#BookReview: Dinner On Mars by Lenore Newman and Evan DG Fraser

An Army Fights On Its Stomach. This was a fascinating look at what it would actually take to have a survivable human colony on Mars (or really on any other planetary body not Earth), starting from the same place Generals have known for Millenia: Ok, we got our people there. How do they stay there? First, they need food. From there, the discussion – and the book *is* written as an accessible third person discussion between its coauthors and the reader – centers on how to actually grow food on Mars for a population larger than one. (Sorry Mark Whatney and Andy Weir, but while your science may work for one person in a survival situation just trying to get off planet, it won’t work for a livable colony trying to ensure it doesn’t become the Mars version of Jamestown.) The science and bleeding edge/ near /future tech that Newman and Fraser discuss is utterly mind-boggling, but smaller scale experiments even in such places as The Land Pavilion in EPOCT at Walt Disney World (a personal favorite ride in the entire compound, specifically for the science it displays in action) show the promise of some of these exact techs. Overall a much more generally approachable discussion than other similar books from active literal rocket scientists (including Buzz Aldrin’s Mission to Mars, where he discusses his proposal for moving people and materiel between planets), this one really only has two flaws: First, it discusses COVID quite a bit, as it forced the interactions of the coauthors and their research along certain paths and even opened the general idea to begin with. I am on a one-man crusade against any book that discusses COVID for any reason, and an automatic one-star deduction is really my only tool there. The second star deduction is for the dearth of any bibliography. Yes, there were footnotes frequently, but even these seemingly barely amounted to 10% of the text – which is half to one third of a more typical bibliography in my experience, even with my extensive experience working with advance reader copies. Still, overall this is an utterly fascinating discussion and something that anyone who is serious about expanding humanity’s population beyond low Earth orbit seriously needs to consider. Very much recommended.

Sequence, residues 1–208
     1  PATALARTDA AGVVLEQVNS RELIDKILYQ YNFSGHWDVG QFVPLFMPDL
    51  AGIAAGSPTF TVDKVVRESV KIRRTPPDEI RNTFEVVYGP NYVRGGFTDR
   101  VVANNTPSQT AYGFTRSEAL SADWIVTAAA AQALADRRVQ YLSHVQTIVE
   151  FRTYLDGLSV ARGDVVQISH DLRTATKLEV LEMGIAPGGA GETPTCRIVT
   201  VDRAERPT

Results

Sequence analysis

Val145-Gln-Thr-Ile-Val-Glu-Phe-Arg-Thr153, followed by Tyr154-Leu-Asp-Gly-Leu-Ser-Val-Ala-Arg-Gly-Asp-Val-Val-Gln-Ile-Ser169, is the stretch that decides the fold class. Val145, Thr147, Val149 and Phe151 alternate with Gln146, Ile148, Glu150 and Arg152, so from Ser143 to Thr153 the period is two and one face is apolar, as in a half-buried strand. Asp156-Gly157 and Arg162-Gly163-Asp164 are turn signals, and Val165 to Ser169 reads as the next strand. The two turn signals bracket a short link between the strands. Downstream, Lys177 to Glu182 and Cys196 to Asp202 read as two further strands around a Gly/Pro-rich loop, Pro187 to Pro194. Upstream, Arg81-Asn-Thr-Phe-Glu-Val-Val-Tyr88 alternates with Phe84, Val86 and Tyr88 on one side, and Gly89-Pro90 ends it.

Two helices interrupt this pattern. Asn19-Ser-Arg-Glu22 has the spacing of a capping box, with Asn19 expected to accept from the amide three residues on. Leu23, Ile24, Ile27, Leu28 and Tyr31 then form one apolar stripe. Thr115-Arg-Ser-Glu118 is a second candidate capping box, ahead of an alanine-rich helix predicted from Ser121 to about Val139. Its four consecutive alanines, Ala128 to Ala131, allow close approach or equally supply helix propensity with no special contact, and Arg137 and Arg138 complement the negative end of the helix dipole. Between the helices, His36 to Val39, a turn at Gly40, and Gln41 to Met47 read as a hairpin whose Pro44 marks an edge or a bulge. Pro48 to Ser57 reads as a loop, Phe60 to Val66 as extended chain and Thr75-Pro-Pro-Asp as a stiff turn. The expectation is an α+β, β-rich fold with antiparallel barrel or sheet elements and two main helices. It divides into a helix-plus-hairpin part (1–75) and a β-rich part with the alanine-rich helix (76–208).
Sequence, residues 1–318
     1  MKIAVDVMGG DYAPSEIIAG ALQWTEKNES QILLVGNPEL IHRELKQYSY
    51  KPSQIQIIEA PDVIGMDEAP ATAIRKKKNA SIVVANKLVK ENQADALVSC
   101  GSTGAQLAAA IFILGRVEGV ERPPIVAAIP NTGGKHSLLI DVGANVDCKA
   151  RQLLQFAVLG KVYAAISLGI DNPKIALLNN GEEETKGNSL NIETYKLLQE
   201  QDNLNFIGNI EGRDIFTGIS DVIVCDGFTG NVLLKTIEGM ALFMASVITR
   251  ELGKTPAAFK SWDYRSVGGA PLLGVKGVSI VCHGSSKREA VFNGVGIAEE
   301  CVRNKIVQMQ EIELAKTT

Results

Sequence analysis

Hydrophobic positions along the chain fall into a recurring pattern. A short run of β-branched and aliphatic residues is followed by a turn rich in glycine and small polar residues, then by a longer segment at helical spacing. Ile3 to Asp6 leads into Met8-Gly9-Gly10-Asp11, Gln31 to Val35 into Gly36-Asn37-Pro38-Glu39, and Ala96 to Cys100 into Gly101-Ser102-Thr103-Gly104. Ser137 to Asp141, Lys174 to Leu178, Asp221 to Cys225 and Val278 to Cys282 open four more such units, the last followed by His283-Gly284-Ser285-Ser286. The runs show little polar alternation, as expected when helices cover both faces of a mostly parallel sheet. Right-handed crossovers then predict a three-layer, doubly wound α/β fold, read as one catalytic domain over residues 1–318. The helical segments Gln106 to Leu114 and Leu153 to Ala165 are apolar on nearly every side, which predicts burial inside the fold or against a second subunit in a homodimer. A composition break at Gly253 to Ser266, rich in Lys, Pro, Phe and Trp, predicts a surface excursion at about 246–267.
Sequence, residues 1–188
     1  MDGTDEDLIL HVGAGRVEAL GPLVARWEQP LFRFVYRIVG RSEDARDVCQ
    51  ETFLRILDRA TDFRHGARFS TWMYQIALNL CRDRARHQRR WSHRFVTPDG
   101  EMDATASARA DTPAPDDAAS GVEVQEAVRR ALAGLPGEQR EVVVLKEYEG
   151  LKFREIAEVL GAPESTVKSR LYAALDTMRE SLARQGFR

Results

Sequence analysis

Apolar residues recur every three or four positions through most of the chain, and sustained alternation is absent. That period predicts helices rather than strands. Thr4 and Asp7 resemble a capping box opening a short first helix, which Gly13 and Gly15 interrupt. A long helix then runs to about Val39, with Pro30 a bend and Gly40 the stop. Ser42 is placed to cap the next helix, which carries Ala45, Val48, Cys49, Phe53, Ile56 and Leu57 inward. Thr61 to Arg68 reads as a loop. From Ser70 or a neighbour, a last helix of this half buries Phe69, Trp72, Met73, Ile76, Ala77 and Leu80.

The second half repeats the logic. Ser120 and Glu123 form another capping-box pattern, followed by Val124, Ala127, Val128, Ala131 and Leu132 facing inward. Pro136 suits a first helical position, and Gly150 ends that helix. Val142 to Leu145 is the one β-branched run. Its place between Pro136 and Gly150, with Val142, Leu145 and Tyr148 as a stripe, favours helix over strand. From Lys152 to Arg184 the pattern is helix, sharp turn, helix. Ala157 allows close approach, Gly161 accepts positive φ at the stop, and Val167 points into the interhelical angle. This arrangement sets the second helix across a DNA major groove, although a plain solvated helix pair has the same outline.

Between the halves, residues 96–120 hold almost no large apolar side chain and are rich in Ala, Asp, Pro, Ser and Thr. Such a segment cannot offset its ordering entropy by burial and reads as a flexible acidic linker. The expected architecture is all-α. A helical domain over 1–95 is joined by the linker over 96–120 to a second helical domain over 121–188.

This review of Dinner On Mars by Lenore Newman and Evan DG Fraser was originally written on July 2, 2022.

#BookReview: How To Mars by David Ebenbach

Zany Space Story. The best way to describe this book, really, is that if you like Hitchhiker’s Guide To the Galaxy – a perennial favorite among the geek set for decades now that has in many cases transcended into pop culture – … you’re probably going to like this one too. There are quite a bit of similarities, given the hilarious and offbeat humor and even the “guidebook” element of the story. (Though unlike the Adams epic, this one actually includes at least parts of the guide in the story.) As others have noted, the fact that this was spurred many years ago by a (now defunct) Mars colonization effort that had the same general premise is, quite frankly, even more amusing. If you’re looking to see what all the fuss over Hitchhiker is about but you’re not willing to commit to something of quite that length, try this one. At roughly 250 pages, it is a short-average length and thus a good primer for that type of humor and creativity. If you’re looking for a more serious/ Hard Science Fiction ala Andy Weir’s take on The Martian… this isn’t that. So strap in and get ready to blast off on one wild ride. Very much recommended.

This review of How To Mars by David Ebenbach was originally written on March 1, 2021.